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This is a link to a great list of useful information for anybody travelling in the SouthWest of Ireland:
A brief overview of how healtcare works in the republic of Ireland.In a nutshell, this is how the Health Care system works for Irish citizens/residents.
Most Irish citizens have access to a GP (General Practitioner). Many GP’s now prefer that you make an appointment with them ahead of time, but of course will not refuse to see you in an emergency.
For anyone who does not have access to a GP in the Cork region there is a GP Co-operative company called SouthDoc (Phone 1850 335 999).
SOUTHDOC - General Practitioner co-operative.SouthDoc provides an excellent service especially outside normal business hours, so you need never feel vulnerable.
When you phone SouthDoc an operator will take your details and then transfer you to a nurse.
You will then either be told that Doctor will call to you or in many cases you will be asked to present yourself at the Southdoc surgery. There are currently two on the outskirts of Cork City . ( Blackpool and Kinsale Road Roundabout)
A visit to Southdoc is expensive (currently €60) and this does not include any medicines. However it is not much more expensive than a visit to a local GP where prices can vary from €40 to €50 per visit.
If you are a visitor/tourist to Ireland you will have to pay this money and then claim it back later. You should ask about this at the time you attend the SouthDoc Clinic or the GP’s Surgery, as there will be forms to complete.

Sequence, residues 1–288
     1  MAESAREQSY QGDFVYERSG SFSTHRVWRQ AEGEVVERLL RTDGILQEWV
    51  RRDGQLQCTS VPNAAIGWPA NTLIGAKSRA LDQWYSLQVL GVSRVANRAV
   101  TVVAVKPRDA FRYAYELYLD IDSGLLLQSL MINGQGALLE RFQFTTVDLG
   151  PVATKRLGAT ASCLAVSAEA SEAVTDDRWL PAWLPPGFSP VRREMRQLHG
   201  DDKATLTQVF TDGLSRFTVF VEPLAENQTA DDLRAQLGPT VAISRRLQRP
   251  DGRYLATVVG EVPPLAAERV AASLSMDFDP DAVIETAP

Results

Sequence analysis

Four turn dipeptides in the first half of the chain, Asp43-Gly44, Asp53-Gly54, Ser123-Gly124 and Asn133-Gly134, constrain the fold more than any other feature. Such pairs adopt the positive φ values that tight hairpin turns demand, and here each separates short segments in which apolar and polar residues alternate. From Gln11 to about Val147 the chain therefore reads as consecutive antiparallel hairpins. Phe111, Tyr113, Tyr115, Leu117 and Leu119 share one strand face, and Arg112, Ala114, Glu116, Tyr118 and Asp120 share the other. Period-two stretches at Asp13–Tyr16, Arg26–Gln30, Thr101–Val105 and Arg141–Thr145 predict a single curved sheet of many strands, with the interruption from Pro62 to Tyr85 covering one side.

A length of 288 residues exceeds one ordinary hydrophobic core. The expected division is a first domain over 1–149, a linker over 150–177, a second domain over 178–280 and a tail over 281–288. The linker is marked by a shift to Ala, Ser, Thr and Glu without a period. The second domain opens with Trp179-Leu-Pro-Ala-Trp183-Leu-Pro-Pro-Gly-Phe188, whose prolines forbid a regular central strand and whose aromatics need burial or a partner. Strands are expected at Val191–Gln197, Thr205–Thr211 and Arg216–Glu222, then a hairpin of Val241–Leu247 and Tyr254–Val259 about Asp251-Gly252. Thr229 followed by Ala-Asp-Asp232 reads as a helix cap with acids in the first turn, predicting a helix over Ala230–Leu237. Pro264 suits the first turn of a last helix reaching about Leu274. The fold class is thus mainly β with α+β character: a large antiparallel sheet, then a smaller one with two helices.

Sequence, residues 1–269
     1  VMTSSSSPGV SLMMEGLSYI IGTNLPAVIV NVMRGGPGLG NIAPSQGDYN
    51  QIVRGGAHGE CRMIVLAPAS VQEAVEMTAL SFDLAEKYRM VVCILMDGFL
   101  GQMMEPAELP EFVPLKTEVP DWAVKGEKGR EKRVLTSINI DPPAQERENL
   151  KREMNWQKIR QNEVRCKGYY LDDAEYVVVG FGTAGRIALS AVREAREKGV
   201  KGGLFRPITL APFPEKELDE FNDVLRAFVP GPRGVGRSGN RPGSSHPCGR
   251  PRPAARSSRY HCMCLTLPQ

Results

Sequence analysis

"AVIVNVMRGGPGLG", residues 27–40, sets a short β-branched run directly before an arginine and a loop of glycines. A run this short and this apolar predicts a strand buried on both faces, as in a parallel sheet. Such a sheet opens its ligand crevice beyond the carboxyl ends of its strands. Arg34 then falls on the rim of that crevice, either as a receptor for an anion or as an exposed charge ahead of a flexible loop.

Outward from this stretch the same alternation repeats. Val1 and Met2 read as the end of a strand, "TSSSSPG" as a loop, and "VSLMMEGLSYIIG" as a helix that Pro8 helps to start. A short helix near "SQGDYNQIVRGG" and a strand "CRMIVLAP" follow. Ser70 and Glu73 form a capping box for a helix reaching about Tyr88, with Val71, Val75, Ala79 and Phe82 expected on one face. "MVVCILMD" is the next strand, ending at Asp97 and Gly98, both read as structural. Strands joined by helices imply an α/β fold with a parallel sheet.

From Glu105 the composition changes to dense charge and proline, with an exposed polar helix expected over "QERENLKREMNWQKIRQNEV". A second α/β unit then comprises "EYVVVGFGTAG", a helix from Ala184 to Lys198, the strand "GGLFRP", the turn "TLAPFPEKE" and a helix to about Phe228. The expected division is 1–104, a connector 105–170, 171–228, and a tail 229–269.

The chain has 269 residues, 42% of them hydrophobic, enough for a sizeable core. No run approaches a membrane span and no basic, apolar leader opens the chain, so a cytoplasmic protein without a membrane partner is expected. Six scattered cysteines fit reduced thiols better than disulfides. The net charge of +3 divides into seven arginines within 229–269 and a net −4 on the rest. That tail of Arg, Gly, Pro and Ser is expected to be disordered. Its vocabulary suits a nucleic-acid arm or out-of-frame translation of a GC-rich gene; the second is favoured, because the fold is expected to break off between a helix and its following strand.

Serious IncidentsWhen an Irish Citizen/resident is involved in a serious accident in the Cork area they will generally (but not always) be taken to CUH ( Cork University Hospital) at Wilton , which is about 2-3 miles outside the City Centre.
Most Irish Citizens/residents will have health cover via a Medical Card (for certain groups, such as those on low incomes or those over the age of 70). A large proportion of the working population have health cover with a private health insurance company such as VHI (Voluntary Health Insurance) or VIVAS or similar.
When you are brought to a hospital you should never be refused medical assistance but do be prepared to be asked about your medical health insurance.
Serious Medical or other emergency.
If you have a serious emergency such as a car accident , medical or other emergency where no one in the vicinity can help you out you should phone the Emergency Services number 999 or 112 immediately and you will be connected with an operator. You must then ask for Guards (Gardai), Ambulance or Fire Services. They will take over from there.
There is a cost for calling the Fire Services or Ambulance but obviously this is only requested well and truly after the emergency has passed.
The emergency services should only be contacted in the event of a serious incident.
If you are staying in Accommodation such as Hostel, B&B or Hotel, you should always ask your hosts to make contact with the appropriate service for you.
Serious Incident/Emergency outside of the main towns and cities.
If you have an emergency situation in a place that is remote, you must do all you can to get to the nearest town, village or house where you can ask someone to help you.
The locals will always know who to contact quickly for you, and you will find that Irish people will generally go ‘out of their way’ to help you and your companions out. NEVER be afraid to ask for help.
Chemist / Pharmacy / Drug Store
In Ireland , prescription drugs can only be purchased in a ‘Chemist’ or a ‘Pharmacy’. There is no difference between them, Chemist is simply the older name for it.
The term ‘Drug Store’ is not widely used in Ireland .
Every town in the country has at least one pharmacy.
Patrick's St Late Night Pharmacy, 9 Patricks Street Cork is open until 10pm every night except on Bank Holidays. Phone (021) 4272511